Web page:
Categories

## Delta Can Make or Break Credit Spreads

One of the biggest topics I discuss in MTM’s daily Group Coaching class is how delta can make or break a credit spread. Option traders associate credit spreads as mostly a positive theta trade. I am going to show you why I believe delta is the bigger factor usually. When you think about selling a vertical credit spread as an option trader, probably the first thing you think of is positive theta. Of course, positive theta is a very important aspect to a potential profit. But if there are more than a couple of days to go to expiration, there is another option greek that can get you to your profit destination quicker than positive theta.

###### Vertical Credits

There are two types of vertical credit spreads: the bull put and the bear call. When selling a call credit spread (bear call), an option trader believes the stock will stay below a certain area like resistance for maximum profit. The trade is initiated by selling a call and buying a higher strike call with the same expiration. A put credit spread (bull put) is created by selling a put and buying a lower strike put with the same expiration. The option trader believes the stock will stay above a certain level like support for maximum profit. Let’s look at an example below.

###### Bear Call Example

Suppose an option trader expects the stock to stay below \$220 by expiration in 10 days. He sells the 220 call and buys the 225 call.

The maximum profit on the trade is the credit received. In this case it is \$1.30 (3.20 – 1.90) or \$130 in real terms if the stock closes at \$220 or below at expiration. The positive theta on the trade is 0.05 (0.27 – 0.22) a day. That means for every day that passes the spread’s premium will decline by the theta amount. Not bad right? But look at the negative delta on the trade. It is 0.11 (0.35 – 0.24). That means if the stock does move a \$1 lower and further from the 220 short call strike, the spread’s premium will decrease by that amount.

So, think of it this way, if the stock fell \$2 over 2 days, the premium would decline \$0.22 (0.11 X 2) from theta and 0.10 (0.05 X 2) from theta. Starting out with a credit of \$1.30 and keeping all other variables constant the new premium would be \$0.98 (1.30 – 0.22 – 0.10). A profit could be made of \$0.32 or \$32 in real money. The negative delta of the position contributed more to the profit than the positive theta in this case and truth be told that should happen more times than not.

###### Final Thoughts

Positive theta is very important when it comes to potential profit when trading vertical credit spreads. It will always be on your side provided the position stays above breakeven. That said, an expected move away from the short option as forecast can make the position a whole lot more profitable much sooner before expiration than theta alone.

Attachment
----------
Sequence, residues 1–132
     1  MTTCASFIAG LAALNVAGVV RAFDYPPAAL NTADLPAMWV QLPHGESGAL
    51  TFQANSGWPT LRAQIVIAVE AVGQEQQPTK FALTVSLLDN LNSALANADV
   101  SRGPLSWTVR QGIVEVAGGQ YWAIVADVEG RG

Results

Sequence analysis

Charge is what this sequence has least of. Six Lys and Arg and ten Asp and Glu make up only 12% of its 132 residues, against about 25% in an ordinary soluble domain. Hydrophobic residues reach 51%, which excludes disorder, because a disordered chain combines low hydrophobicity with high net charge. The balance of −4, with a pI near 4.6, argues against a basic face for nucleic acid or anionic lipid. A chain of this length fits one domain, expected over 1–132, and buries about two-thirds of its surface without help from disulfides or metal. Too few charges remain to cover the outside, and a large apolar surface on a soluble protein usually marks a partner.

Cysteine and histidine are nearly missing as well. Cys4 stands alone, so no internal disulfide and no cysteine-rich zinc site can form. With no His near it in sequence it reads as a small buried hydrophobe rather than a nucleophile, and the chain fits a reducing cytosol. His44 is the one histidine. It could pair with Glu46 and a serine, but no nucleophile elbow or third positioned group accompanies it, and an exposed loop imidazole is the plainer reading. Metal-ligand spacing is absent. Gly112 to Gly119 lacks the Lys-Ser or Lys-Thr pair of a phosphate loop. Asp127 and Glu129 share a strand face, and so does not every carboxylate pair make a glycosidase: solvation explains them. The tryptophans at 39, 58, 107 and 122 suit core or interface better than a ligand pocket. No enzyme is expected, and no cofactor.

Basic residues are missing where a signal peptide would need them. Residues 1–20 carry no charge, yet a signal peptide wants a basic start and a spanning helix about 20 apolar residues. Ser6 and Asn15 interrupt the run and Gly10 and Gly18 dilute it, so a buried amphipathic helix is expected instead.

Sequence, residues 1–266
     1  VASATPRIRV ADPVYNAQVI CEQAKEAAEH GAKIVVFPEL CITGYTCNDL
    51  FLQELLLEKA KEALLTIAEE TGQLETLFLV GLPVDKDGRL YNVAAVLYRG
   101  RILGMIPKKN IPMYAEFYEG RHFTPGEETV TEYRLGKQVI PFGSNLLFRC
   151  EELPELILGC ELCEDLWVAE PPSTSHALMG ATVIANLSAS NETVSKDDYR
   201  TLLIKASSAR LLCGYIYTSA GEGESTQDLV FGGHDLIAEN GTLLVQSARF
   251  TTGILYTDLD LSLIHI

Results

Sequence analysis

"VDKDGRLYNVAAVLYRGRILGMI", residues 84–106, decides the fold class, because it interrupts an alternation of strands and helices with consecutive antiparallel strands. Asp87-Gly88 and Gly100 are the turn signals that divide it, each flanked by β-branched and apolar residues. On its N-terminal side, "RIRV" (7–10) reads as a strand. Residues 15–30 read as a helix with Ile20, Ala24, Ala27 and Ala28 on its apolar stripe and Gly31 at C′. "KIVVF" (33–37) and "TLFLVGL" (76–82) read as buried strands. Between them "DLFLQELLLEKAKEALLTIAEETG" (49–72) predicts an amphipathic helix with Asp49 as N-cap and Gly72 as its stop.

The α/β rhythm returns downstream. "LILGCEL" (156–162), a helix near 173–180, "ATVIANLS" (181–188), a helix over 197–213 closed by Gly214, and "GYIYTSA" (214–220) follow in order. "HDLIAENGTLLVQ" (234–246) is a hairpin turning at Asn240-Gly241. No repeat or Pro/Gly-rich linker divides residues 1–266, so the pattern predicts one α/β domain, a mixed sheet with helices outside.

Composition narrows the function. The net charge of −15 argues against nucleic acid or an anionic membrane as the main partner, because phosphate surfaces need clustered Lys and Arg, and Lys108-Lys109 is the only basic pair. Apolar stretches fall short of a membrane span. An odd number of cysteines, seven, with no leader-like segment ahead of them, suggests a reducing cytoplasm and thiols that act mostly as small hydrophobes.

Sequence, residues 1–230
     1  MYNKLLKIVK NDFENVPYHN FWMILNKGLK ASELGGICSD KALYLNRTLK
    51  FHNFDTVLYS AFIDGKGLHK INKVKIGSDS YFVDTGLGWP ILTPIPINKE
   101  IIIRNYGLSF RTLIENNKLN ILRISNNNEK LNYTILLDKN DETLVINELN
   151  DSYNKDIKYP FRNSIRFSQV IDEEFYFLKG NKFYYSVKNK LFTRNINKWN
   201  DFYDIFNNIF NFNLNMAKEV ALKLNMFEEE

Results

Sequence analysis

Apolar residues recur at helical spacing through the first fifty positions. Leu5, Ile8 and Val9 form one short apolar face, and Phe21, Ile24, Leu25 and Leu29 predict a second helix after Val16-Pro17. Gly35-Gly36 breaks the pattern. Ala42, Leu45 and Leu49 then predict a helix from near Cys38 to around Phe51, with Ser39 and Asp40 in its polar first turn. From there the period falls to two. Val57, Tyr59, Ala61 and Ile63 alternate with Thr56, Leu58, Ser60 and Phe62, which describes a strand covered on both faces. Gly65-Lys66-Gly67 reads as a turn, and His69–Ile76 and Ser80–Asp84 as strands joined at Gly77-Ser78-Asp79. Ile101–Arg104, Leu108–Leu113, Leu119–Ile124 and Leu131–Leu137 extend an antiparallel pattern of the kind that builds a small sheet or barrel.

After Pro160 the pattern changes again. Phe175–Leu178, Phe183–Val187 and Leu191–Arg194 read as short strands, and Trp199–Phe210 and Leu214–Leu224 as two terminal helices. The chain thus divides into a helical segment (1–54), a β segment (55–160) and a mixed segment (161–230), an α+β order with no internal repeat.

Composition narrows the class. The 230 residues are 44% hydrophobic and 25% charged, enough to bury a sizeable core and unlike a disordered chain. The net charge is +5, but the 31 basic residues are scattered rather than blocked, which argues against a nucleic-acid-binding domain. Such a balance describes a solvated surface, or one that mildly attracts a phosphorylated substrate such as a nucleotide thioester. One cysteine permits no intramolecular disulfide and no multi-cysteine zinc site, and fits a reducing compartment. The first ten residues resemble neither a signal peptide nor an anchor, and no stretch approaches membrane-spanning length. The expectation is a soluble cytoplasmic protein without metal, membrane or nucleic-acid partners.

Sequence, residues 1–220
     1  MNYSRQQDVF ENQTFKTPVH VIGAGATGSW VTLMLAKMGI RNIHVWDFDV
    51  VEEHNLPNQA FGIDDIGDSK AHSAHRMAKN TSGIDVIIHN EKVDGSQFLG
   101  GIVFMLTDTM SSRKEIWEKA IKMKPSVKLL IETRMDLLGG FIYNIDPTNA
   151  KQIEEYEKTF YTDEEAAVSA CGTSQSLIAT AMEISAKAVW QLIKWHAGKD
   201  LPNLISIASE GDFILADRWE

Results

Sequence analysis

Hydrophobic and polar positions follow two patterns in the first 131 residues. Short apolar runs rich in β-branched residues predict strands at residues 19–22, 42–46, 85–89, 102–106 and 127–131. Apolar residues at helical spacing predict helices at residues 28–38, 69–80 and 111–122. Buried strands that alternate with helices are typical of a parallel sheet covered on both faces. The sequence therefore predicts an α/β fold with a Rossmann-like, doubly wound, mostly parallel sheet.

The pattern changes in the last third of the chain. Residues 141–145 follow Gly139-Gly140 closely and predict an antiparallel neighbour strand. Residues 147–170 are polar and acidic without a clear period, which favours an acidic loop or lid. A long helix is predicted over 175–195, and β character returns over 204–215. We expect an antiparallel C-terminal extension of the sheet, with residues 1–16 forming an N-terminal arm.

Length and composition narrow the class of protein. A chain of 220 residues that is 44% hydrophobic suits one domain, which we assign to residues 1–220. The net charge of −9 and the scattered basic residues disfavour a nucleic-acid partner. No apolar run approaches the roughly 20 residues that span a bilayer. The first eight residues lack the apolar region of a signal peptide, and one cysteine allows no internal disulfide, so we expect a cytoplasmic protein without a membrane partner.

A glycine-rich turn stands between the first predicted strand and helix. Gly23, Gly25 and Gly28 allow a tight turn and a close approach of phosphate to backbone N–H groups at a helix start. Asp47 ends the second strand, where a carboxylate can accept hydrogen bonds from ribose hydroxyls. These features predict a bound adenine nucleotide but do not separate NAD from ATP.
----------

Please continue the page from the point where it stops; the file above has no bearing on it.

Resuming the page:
John Kmiecik
Senior Options Instructor
Market Taker Mentoring, Inc.

Categories

## A Call Credit Spread on AMZN

The market has been very volatile over the past several weeks and Amazon Inc. (AMZN) has been no exception. In the first part of December, we looked at a chart of the stock in MTM’s group coaching class and determined it was a good opportunity for a call credit spread (bear call spread).

Call credit spreads can be an effective way to profit when an option trader expects a stock to stay below a certain area. Many times this area is potential resistance in the form of pivot levels or maybe a moving average. Let’s look at how we can implement this trade strategy.

###### What Is a Call Credit Spread?

A call credit spread, or bear call spread as it is sometimes called, is created by selling a call option and buying a higher strike call with the same expiration. Maximum profit is the credit received and would be earned if the options expire worthless (at or below the short strike at expiration). The maximum risk on the trade is subtracting the premium received from the difference in the strikes. The breakeven point is adding the credit received to the short strike. Let’s take a quick look at a recent instance where a trader may have considered a bear call.

###### A Recent Example in AMZN

Here is an hourly chart of AMZN into the beginning of December.

The blue horizontal line represents potential resistance at the \$3,600 level. Clearly the stock had moved above that level late in November but retreated below it over a couple of days. It was Thursday, Dec. 2, and the market was bearish when we modeled out a 3600/3610 bear call spread with expiration the next day (Dec-03). The credit received was 1.25 (\$125 in real terms), which represented the max profit if the calls expired worthless (\$3,600 or lower). Max risk was the difference in the strikes (3610 – 3600) minus the 1.25 credit or 8.75 (\$875) in real terms.

###### Three Ways to Profit

The stock could move lower, trade sideways or rally up to \$3,600 by expiration the next day and the trader still could have earned the maximum profit. Both calls would have expired worthless. That gives the trade three out of four ways to potentially profit. For this trade idea, the expiration was short (the next day) but the stock was trading around \$3,450 that Thursday morning. It might have gapped and tried to move higher the day of expiration, but resistance still had better odds of holding than breaking.

###### Final Thoughts

With everything in option trading, there are risk/reward trade-offs. The trader is risking a lot more than the profit potential, but that comes with a high probability.

John Kmiecik
Senior Options Instructor
Market Taker Mentoring, Inc.